My 3xgreat-grandfather John O'Brien continues to be an interesting character to research. Not only did he live to be 108 years old, but his obituary states that he was a cabin boy in the Battle of Trafalgar in 1805 and "he well remembered the British chagrin over Perry's victory in which the English fleet was destroyed on Lake Erie in September 1813." I thought this was a bit of legend, until this evening finding his War of 1812 Muster Roll on Fold3.com's War of 1812 Service Records for Lake Erie.
USS Niagara on 2 August 1812, on Lake Erie.
reference material from the Erie Maritime Museum). The USS Niagara features prominently in the lore of the Battle of Lake Erie, in which Commodore Oliver Perry led the US Navy to a decisive battle over the British.
The Erie Maritime Museum has a log of the battle (see http://www.eriemaritimemuseum.org/maritime_museum/History/battle_of_lake_erie/Battle_Log.htm). An interesting site on art of the Battle of Lake Erie can be found at http://www.battleoflakeerieart.com/. An account of the battle written by William W. Dobbins, can be found on Google Books. See History of the Battle of Lake Erie, etc.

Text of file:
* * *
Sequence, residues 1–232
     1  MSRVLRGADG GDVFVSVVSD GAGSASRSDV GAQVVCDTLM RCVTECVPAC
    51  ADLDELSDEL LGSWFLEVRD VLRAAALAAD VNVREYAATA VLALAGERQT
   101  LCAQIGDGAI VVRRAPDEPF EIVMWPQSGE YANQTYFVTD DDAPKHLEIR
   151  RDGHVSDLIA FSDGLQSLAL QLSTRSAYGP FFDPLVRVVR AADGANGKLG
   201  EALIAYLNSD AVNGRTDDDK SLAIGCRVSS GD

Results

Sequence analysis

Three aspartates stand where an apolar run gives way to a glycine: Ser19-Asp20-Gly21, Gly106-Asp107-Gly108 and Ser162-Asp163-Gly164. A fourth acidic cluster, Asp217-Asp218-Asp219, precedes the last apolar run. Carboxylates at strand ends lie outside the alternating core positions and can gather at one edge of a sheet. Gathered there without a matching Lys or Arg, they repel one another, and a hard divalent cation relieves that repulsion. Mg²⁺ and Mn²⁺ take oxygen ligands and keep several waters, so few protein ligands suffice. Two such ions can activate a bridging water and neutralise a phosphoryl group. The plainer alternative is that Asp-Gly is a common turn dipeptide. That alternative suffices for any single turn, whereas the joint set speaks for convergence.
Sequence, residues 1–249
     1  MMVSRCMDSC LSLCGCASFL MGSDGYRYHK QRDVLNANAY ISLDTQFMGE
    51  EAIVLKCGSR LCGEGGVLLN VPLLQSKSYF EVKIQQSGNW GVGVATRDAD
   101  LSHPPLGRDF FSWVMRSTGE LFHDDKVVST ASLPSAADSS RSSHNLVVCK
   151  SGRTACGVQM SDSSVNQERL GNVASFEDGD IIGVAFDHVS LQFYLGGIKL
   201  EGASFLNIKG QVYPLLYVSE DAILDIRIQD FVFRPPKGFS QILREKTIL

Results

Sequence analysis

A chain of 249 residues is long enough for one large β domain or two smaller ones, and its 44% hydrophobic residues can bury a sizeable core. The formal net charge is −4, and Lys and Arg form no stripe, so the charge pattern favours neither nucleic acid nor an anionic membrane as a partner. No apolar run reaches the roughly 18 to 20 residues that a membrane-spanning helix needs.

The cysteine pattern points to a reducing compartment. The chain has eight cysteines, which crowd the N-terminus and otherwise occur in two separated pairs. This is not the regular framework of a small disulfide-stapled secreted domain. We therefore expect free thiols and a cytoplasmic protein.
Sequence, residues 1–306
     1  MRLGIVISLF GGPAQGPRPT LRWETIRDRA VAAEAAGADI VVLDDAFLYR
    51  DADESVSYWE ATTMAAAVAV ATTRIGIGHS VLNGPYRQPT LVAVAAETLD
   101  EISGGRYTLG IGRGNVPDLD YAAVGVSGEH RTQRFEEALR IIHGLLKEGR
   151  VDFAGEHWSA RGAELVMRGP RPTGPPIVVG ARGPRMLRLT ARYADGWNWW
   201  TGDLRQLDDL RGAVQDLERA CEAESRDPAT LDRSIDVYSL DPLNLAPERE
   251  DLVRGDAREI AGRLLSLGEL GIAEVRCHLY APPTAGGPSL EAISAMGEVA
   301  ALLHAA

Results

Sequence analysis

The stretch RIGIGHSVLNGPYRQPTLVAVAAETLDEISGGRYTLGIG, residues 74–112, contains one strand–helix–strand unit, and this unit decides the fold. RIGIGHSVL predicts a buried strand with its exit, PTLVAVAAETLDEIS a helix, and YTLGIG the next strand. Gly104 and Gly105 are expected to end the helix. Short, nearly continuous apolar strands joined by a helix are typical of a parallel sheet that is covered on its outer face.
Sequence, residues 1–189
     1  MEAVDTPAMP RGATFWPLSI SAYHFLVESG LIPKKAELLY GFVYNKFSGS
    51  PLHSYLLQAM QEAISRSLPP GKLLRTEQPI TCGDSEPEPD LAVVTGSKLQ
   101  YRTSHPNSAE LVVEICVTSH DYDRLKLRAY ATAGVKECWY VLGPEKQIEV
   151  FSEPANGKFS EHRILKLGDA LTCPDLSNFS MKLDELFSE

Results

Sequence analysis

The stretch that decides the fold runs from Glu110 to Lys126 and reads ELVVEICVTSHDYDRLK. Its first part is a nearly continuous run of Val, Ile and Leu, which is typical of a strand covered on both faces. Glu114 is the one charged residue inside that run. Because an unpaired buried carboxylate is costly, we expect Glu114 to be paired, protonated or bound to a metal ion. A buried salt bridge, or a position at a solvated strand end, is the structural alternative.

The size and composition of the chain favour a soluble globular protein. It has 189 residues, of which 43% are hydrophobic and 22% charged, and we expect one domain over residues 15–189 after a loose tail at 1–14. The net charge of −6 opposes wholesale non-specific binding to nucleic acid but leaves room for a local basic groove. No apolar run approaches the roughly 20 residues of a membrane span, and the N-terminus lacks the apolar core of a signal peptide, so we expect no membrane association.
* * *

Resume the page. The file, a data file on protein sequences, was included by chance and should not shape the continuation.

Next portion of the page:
John O'Brien continued his service in the US Navy throughout the Erie Campaign. He was on board the USS Somers when it was captured by the British on 12 August 1814 near Fort Erie, Ontario (across the lake from Buffalo, New York). He must have been released or escaped from capture, as he was active in the roll dated 10 April 1815.
I am interested to hear my Dad's take on this discovery, as he has sailed on Lake Erie many times and visited many of the sites that John O'Brien would have seen during the war. I visited Niagara Falls about 8 years ago. John O'Brien may have seen the Falls as well.
At this time, I do not have other records of John O'Brien's adventures at sea after the War of 1812, but he certainly must have had many. His obituary states that he continued as a sailor until returning to America in 1831.
John O'Brien is buried in Glenwood Cemetery in Shelby County, Illinois.